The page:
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Shareholders Reject Two Chesapeake Board Members

Chesapeake Energy Corp. shareholders on Friday soundly rejected two board members up for reelection and approved three shareholder-initiated resolutions at the company's annual meeting in Oklahoma City, signaling a turning point for the operator's corporate governance and likely for the future of CEO Aubrey McClendon.

The board meeting came a few hours after the company announced that it would sell its midstream businesses to Global Infrastructure Partners in three separate transactions for more than $4 billion in cash. The sales, rumored for days (see Daily GPI, June 7), would net Chesapeake about $2.4 billion and cut previously budgeted capital spending over the next three years by $3 billion (see related story).

The historic shareholder revolt proved to be a positive for the stock, which rose 2.86% (51 cents) to end the week at $18.36, versus a close on Thursday of $17.85. More than 30.93 million shares traded hands on Friday, less than the average volume of 31.78 million. The previous Friday, ahead of Memorial Day weekend, Chesapeake ended at $16.90.

However, the huge asset sale may not have assuaged shareholders in any case. They ousted V. Burns Hargis, president of Oklahoma State University, and former Union Pacific CEO Richard K. Davidson, who had been reelected by Chesapeake's board. However, Hargis received only 26% of the preliminary shareholder votes cast, while Davidson captured just 27%, which led both men to tender their resignations under a new majority voting bylaw, also was enacted on Friday.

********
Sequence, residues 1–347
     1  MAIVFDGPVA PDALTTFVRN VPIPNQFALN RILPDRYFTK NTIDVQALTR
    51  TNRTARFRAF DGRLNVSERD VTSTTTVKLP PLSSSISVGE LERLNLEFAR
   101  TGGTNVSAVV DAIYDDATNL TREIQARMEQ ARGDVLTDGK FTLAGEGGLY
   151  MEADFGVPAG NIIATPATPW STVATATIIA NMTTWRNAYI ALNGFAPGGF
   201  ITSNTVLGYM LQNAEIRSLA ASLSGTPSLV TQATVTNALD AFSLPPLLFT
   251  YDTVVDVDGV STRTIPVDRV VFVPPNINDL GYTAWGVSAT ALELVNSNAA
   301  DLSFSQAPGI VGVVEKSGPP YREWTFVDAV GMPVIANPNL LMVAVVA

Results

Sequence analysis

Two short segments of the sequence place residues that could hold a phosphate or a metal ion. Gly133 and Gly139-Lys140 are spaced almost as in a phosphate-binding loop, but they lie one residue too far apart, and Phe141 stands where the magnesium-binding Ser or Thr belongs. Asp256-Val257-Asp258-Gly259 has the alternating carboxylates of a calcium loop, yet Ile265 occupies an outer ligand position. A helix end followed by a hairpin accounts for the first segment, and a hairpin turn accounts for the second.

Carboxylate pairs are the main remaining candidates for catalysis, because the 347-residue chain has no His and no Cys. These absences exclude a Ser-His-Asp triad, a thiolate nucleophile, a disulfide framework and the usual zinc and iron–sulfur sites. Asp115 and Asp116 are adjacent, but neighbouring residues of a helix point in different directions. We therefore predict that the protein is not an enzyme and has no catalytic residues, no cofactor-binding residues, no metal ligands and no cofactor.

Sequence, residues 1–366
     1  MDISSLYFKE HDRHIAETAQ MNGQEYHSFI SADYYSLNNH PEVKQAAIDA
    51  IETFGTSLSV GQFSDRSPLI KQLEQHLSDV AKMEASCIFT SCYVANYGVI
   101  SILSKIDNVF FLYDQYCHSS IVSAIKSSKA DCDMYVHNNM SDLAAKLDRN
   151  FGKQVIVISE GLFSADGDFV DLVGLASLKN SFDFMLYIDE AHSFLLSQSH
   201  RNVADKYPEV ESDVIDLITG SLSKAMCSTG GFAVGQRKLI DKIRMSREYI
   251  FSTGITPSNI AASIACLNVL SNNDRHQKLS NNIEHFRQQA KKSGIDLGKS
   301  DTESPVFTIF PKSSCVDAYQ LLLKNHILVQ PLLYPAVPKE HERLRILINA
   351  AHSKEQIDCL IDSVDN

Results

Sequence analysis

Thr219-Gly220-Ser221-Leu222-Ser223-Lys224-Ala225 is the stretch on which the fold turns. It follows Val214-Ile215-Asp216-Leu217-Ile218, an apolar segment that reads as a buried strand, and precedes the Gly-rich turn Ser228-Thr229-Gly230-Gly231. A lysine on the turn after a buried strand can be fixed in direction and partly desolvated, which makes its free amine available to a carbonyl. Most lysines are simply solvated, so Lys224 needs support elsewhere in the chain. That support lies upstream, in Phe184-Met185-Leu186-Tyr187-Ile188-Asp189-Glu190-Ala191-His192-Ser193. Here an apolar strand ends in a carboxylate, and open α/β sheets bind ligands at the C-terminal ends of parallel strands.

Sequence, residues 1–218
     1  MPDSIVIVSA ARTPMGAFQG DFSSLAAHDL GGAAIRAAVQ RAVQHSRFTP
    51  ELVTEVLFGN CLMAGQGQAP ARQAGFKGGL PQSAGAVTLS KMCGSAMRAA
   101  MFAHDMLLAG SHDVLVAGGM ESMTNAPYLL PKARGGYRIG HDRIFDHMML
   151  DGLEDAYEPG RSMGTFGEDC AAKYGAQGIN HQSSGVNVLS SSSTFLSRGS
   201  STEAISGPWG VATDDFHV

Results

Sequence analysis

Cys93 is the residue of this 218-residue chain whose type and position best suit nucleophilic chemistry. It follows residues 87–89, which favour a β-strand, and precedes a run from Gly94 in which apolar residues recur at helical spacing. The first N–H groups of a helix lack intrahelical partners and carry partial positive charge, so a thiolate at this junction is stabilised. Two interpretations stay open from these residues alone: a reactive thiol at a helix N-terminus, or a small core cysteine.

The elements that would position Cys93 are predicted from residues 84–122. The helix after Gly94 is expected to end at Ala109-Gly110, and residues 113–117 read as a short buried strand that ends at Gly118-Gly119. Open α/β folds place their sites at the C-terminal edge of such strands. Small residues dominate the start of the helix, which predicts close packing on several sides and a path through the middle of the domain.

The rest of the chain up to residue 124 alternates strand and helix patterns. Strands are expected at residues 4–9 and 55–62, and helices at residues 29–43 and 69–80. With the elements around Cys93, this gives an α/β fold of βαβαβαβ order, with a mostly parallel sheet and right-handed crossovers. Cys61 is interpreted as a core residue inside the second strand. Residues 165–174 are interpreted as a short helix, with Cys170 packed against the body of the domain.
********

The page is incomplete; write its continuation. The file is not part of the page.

In addition, board member Charles Maxwell retired as expected on Friday, leaving the board in disarray. Following "extensive discussions" with representatives of Southeastern Asset Management, its largest shareholder (13.6%), and Carl Icahn (7.8%), Chesapeake agreed to replace four existing independent directors, with three proposed by Southeastern and one by Icahn (see Daily GPI, June 5).

With Maxwell's Hargis' and Davidson's departure, there remains one other open seat, which is to be filled by the incoming chairman, expected to be announced later this month.

"Chesapeake appreciates shareholder feedback and will act appropriately with regard to the matters voted on," executives said. "Chesapeake has recently taken important actions to enhance corporate governance and increase management oversight by, among other things, reconstituting the board of directors. As previously announced, Chesapeake will add a new independent nonexecutive chairman and four new independent directors proposed by shareholders to its nine-member board within the next two weeks.

"Chesapeake will also take the necessary actions so that shareholders will have the opportunity to elect the entire Board of Directors at the 2013 annual meeting of shareholders."